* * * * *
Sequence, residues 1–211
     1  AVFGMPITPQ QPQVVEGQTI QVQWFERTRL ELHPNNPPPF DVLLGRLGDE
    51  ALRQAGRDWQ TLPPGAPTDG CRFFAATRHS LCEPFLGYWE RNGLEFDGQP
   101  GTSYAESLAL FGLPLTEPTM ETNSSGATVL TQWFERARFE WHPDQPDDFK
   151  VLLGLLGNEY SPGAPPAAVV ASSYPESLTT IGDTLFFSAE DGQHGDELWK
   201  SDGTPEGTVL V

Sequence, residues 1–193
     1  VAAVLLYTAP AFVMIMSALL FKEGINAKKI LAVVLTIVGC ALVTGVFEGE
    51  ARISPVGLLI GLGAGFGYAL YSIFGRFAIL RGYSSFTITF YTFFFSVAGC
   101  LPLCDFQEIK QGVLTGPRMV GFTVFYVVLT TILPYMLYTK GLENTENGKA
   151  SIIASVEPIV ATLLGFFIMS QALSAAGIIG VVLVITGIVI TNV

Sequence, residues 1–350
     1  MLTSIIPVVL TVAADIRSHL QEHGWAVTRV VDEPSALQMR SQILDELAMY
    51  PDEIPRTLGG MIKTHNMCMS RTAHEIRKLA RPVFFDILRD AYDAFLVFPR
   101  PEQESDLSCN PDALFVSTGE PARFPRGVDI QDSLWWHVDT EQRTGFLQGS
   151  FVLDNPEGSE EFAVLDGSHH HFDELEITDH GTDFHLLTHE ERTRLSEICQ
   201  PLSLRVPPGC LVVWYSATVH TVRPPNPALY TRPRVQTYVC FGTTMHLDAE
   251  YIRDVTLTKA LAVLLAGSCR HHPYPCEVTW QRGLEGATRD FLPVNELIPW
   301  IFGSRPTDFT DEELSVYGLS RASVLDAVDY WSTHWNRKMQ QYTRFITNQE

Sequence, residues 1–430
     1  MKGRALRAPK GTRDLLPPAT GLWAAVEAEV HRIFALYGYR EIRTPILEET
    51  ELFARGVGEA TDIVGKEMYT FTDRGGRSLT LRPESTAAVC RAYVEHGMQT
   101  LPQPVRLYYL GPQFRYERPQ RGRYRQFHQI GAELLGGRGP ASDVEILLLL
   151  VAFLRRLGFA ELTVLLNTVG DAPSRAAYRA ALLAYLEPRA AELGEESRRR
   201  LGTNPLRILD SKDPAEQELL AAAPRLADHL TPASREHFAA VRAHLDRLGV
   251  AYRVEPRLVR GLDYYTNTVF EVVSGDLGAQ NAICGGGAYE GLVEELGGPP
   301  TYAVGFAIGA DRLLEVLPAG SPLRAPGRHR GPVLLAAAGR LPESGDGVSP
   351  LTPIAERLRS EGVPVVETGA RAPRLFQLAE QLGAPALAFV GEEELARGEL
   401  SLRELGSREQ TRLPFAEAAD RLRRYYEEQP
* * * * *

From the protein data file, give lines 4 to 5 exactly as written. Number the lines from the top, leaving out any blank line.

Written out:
   101  GTSYAESLAL FGLPLTEPTM ETNSSGATVL TQWFERARFE WHPDQPDDFK
   151  VLLGLLGNEY SPGAPPAAVV ASSYPESLTT IGDTLFFSAE DGQHGDELWK